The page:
Ryan M. Pacyga Esq.

You Need An Experienced Litigator.
You Need Ryan Pacyga Criminal Defense.

  1. Home
  2.  » 
  3. Criminal Defense
  4.  » 
  5. Criminal Vehicular Homicide
  6.  » Criminal Vehicular Homicide FAQ

Getting Answers To Charges Related To Minnesota Criminal Vehicular Homicide

When someone is killed by a vehicle, sometimes it is an accident, and sometimes it is criminal. But not every accident involving a death should result in a criminal vehicular homicide conviction. At Ryan Pacyga Criminal Defense, we understand the many reasons at play in a criminal vehicular homicide case. We can help you understand what you are facing and what you can do about it.

Here are the most commonly asked questions and the answers. These are hypothetical situations and do not reflect legal advice.

What is vehicular homicide?

According to Minnesota state statute, you can be found guilty of criminal vehicular homicide any time you cause someone’s death while you are operating a motor vehicle in a grossly negligent manner; in a negligent manner while under the influence of alcohol, controlled substance, or any combination of those; while having an alcohol concentration of .08 or more; in a negligent manner while under the influence of an intoxicating substance and the person knows or has reason to know that the substance has the capacity to cause impairment; in a negligent manner while any amount of a controlled substance under Schedule 1 or 2 is present in the body; where the driver who causes the collision leaves the scene; where the driver had actual knowledge that a peace officer had previously issued a citation or warning that the vehicle was defectively maintained, the driver had actual knowledge that remedial action was not taken, the driver had reason to know that the defect created the present danger and the death was caused by the defective maintenance. Most vehicular homicide cases are considered “involuntary murder.”

What happens if I go through a stop sign and hit someone?

In most cases, you will be charged with gross negligence. You could be charged with vehicular manslaughter if you hit the person and they die. In some cases, if there are drugs or alcohol involved or you’ve had previous warnings, you may be charged with a more severe crime such as vehicular homicide.

Is vehicular homicide the same as murder?

No. Vehicular homicide is different than both a murder charge and a manslaughter charge. Vehicular homicide can be charged whenever someone commits an “egregious error” not necessarily on purpose but because they were not paying attention or being careful enough. Vehicular manslaughter is a charge that happens when the driver or operator of a vehicle accidentally kills someone while committing a misdemeanor. A misdemeanor can be driving over the speed limit or going through a stop sign or red light. You may also be charged with manslaughter if you passed someone while you were in a no passing zone or made an illegal U-turn and caused a fatal accident.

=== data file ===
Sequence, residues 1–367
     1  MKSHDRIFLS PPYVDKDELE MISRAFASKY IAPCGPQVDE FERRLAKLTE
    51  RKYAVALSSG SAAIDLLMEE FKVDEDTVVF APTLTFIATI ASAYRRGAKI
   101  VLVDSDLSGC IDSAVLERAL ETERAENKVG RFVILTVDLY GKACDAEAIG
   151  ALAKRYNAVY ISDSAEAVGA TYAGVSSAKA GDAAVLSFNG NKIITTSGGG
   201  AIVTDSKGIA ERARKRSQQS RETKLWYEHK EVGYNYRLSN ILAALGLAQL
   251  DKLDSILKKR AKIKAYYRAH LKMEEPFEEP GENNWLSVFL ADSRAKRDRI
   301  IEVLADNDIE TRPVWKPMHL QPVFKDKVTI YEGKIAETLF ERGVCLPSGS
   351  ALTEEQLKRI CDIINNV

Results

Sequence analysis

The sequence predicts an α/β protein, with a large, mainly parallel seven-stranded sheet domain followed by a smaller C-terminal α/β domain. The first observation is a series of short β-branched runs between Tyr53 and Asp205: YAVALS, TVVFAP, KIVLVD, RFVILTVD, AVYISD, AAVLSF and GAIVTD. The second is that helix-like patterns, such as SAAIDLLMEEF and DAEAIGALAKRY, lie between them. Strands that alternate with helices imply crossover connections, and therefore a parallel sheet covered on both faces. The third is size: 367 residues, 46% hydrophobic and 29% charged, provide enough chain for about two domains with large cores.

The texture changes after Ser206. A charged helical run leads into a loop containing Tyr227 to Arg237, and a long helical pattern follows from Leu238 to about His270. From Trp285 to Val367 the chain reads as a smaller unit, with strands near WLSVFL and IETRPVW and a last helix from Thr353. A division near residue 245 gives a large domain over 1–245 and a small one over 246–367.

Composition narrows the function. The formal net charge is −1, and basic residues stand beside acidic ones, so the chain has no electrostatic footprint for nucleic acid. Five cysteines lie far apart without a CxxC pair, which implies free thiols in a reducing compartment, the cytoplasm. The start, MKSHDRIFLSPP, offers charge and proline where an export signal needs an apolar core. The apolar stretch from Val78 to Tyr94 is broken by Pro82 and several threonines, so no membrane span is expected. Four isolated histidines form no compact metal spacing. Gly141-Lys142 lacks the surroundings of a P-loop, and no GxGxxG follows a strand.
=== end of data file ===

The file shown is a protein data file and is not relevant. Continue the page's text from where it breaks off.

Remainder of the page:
Do I have to be driving a car to be charged with vehicular homicide in Minnesota?

Not necessarily. Recreational vehicles such as boats, ATVs, off-road vehicles and snowmobiles may also fall under the motor vehicle category.

If I have been driving under the influence and hit and kill someone, is that vehicular homicide?

If you are under a .08 alcohol level, the prosecution must also prove that you were driving in a negligent manner. But if you are .08 or more, then you can be charged with criminal vehicular homicide even if you were not “negligent.”

If I panic and flee the scene after I hit someone, what will I be charged with?

In Minnesota, most likely you will be charged with vehicular homicide if you cause a fatal accident and flee.

What is the punishment in Minnesota for criminal vehicular homicide?

Every case and every circumstance is different. In many cases, prison time of up to 10 years and a steep fine of up to $20,000 will be part of the sentencing.

What is the maximum prison time for vehicular homicide in Minnesota?

Again, this will depend on the circumstances regarding the charges. In 2020, as per subdivision 1 of the state code, the maximum prison time is 10 years and a $20,000 fine.

What should a person who is charged with vehicular homicide do?

Because of the incredible severity of the punishments, you should protect yourself by not speaking to anyone, including friends and family, about what happened. Instead, immediately contact a criminal defense attorney who has an extensive record of defending criminal vehicular homicide cases. We all make mistakes. Most of us never want to hurt anyone else. Having made a mistake that caused a fatal accident does not make you or your loved one a bad or evil person, and it also does not necessarily mean that you have committed a crime, even if you are accused of it.

Speak With An Experienced Vehicular Homicide Lawyer Today

These are serious charges that should be handled by an attorney who understands what is at stake and what needs to be done. At Ryan Pacyga Criminal Defense, we will evaluate the strengths and weaknesses of the evidence law enforcement has against you. We will clearly explain your possible defenses. We will work strategically to collect evidence on your behalf and build a strong case in your defense. We will not waste your time with unrealistic strategies but whenever possible will seek charge dismissal, reduction or a plea that is in your best interest. We are trial attorneys. We understand how prosecutors and judges think. Call 612-474-5420 24/7 and 365 days a year. If your issue is not urgent, send us an email from this website. We represent clients in the Minneapolis-St. Paul area, throughout Minnesota and across the U.S.